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Activities and Seminars

Simon Hanslmayr. The role of synchronized and desynchronized oscillations for episodic memory – Association vs information
 
Date: Feb 26, 2015

What: The role of synchronized and desynchronized oscillations for episodic memory – Association vs information

Where: BCBL auditorium

Who: Simon Hanslmayr, PhD, Senior Lecturer, School of Psychology, University of Birmingham, UK

When: 12 noon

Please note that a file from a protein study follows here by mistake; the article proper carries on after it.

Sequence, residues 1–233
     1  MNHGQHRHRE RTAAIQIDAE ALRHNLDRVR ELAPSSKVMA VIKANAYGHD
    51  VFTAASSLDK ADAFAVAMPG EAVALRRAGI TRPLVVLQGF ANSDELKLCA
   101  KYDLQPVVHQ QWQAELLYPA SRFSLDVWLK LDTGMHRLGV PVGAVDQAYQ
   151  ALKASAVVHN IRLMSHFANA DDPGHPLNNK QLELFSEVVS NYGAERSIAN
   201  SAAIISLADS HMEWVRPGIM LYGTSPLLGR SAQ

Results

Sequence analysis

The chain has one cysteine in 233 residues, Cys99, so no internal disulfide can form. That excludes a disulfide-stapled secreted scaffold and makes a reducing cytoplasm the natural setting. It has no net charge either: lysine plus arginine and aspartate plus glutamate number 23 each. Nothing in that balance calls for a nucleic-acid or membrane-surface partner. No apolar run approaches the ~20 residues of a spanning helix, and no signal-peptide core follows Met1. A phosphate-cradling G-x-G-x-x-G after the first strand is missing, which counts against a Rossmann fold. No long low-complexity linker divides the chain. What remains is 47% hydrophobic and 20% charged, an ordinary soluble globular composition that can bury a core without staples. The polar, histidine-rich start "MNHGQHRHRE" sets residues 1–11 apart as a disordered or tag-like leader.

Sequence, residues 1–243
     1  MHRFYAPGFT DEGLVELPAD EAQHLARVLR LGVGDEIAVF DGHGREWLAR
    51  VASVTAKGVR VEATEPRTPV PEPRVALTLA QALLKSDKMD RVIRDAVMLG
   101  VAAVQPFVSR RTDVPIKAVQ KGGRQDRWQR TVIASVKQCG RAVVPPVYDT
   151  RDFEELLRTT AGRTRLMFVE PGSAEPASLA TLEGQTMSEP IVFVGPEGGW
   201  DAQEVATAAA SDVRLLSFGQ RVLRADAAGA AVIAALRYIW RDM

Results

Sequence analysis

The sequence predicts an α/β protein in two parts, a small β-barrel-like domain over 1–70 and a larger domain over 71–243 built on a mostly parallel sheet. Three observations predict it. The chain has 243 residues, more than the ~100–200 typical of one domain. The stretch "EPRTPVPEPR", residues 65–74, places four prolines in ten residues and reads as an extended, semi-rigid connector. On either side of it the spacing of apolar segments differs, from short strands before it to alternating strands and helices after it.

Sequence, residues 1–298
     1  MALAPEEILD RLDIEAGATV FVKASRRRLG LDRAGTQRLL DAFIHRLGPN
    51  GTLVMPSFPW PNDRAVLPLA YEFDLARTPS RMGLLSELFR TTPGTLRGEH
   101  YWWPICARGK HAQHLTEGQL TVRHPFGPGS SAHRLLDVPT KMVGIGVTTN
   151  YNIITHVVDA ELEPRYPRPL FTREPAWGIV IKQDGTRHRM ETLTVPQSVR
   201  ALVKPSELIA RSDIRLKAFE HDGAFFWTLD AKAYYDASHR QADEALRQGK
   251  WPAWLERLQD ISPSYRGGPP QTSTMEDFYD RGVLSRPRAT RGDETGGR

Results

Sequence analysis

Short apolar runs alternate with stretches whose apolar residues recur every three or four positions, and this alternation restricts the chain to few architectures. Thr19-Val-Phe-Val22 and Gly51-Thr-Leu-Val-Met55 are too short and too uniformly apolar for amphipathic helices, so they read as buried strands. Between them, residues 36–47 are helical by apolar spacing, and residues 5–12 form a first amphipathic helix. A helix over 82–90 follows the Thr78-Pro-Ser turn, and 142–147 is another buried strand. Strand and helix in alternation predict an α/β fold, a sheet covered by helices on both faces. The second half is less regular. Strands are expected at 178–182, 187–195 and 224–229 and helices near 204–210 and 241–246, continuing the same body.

Episodic memory refers to our ability to store highly associative events which are rich in their informational content. Brain oscillations induce synchronized activity in the human brain and are a powerful mechanism to associate, i.e. bind, information in memory. However, oscillations also strongly constrain the firing of neural populations by opening and closing the temporal windows where firing can occur which inevitably reduces the informational content expressed by a population of cells. Interestingly, we have learned from several recent studies that increases as well as decreases in brain oscillatory activity correlates with the formation and retrieval of episodic memories. In this talk I will present several recent studies that aimed at clarifying the roles of these memory-related synchronizing and desynchronizing oscillatory behaviours. I will argue that memory related synchronization occurs mainly in the medial temporal lobe and serves to associate information, whereas the memory-related desynchronization effects occur mainly in the cortex and serve the representation of information. Collectively, these two processes could enable the human brain to associate and represent information in episodic memory.